Emerging Young Artist Steve Dolan Debuts Hunter Exhibition

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Steve Dolan is a worthy successor to the Hudson River Painters — so much so that this New Hampshire native, when he first visited the Mountain Top area of the Catskills, was so taken with it that he decided to move to Hunter and pursue his passion for painting the spectacular (his word) scenery he found there. Now his long hours of creativity have come to fruition in a new exhibit at the Kaaterskill Fine Arts Gallery, Main Street, Hunter. Entitled “Atmospheres of Hunter and Beyond,” Steve’s exhibit features a generous selection of his paintings mostly from the region around Hunter but also a few from the White Mountains of his native New Hampshire.

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You can read an interview with Steve on the Catskill Mountain Foundation’s website and learn more about his background and what inspires him as an artist. The Hudson River Painters are clearly an influence — I thought particularly of Thomas Cole and especially some of his more “fantastic” (my word) paintings.  But let me not waste time trying to describe Steve’s extraordinary work — I took a couple of quick photos when I stopped in last week just after the show had been hung, and I hope they will OLYMPUS DIGITAL CAMERAgive you some idea of his approach to his art, but most of all, I urge you to go and see his show. It’s at the Kaaterskill Fine Arts Gallery between now and July 5, with an opening reception this Saturday May 30 from 2 to 4 pm and an art talk on June 20 from 1 to 2 pm.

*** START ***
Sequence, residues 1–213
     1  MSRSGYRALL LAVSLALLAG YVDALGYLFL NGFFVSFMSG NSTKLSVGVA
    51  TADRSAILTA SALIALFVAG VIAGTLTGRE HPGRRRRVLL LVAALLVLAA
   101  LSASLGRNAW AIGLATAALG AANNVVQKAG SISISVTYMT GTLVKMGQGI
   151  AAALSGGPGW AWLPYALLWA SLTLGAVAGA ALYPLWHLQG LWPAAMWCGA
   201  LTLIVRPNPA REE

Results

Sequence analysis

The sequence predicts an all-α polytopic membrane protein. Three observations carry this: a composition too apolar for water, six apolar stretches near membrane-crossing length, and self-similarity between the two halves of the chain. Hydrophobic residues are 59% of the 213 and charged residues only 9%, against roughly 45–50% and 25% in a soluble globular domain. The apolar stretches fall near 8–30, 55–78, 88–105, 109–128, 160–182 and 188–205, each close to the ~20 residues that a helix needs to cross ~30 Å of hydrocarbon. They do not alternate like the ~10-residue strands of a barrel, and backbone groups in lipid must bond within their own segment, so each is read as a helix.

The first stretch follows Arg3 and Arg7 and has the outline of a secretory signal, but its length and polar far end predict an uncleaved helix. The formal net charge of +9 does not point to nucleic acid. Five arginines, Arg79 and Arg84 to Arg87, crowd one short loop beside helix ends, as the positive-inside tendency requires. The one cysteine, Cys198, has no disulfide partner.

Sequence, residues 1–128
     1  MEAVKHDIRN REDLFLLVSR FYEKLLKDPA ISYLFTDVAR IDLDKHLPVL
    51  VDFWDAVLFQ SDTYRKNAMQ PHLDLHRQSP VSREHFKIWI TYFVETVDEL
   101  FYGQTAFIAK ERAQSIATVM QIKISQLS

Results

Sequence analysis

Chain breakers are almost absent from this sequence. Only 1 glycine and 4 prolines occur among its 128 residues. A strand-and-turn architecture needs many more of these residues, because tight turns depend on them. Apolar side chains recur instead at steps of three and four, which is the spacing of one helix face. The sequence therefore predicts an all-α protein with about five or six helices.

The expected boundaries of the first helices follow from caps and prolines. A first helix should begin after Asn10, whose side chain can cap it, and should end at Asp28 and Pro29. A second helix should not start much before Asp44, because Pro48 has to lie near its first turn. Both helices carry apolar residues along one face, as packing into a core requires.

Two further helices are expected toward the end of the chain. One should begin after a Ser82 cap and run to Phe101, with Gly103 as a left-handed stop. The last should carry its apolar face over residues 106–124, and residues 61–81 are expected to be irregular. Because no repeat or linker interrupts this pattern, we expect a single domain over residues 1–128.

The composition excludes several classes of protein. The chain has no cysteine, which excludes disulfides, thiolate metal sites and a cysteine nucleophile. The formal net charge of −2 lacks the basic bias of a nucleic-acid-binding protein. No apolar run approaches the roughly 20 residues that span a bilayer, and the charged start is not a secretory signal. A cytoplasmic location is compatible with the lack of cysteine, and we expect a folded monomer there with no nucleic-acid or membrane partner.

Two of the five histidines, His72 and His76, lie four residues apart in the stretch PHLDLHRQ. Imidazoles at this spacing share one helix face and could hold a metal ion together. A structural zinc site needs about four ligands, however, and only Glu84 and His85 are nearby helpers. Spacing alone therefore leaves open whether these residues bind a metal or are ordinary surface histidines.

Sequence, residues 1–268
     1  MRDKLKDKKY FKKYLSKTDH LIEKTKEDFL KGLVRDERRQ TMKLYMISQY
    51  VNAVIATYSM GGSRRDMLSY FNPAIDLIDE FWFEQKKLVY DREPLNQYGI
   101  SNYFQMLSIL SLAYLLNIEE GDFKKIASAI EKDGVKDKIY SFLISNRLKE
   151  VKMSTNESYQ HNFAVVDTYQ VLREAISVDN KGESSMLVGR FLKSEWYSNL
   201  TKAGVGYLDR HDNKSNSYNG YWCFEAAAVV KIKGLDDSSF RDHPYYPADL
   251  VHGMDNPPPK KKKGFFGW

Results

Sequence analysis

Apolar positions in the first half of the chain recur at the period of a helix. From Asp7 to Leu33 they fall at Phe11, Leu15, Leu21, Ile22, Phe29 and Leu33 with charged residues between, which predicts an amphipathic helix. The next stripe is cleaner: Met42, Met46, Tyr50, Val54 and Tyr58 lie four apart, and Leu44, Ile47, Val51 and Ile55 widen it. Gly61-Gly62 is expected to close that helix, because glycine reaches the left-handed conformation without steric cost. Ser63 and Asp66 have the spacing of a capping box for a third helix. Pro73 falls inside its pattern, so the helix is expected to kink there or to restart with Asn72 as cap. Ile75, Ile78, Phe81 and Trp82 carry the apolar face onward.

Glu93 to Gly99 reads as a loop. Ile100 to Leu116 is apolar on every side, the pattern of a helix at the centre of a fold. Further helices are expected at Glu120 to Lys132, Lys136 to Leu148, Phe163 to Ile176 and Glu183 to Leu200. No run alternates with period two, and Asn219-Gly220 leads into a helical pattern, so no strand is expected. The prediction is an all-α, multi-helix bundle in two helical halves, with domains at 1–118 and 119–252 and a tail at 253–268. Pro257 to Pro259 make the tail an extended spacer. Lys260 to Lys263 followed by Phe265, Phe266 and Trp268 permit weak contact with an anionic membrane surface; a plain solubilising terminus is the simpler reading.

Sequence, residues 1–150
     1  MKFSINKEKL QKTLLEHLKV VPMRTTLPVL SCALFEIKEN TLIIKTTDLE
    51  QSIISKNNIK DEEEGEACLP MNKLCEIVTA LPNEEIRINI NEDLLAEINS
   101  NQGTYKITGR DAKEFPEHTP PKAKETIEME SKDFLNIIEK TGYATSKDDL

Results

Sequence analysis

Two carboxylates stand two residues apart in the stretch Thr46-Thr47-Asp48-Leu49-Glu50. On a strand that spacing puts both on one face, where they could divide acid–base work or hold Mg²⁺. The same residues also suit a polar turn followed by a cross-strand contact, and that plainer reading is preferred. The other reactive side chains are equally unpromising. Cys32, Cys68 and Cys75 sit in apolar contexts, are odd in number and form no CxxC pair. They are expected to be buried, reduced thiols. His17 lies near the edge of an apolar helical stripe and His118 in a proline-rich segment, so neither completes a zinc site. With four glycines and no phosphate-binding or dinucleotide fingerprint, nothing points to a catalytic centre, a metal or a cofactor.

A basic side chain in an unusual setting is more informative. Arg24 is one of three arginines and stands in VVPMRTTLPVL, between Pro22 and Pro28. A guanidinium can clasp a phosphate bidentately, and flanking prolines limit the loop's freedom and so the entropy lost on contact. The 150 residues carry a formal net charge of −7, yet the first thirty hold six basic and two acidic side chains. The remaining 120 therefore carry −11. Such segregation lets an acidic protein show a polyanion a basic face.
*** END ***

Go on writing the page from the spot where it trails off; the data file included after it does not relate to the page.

Click here to read the details, including the interview with Steve and information about opening times. “Atmospheres of Hunter and Beyond” — don’t miss it.

The Stunning Photography of John P. O’Grady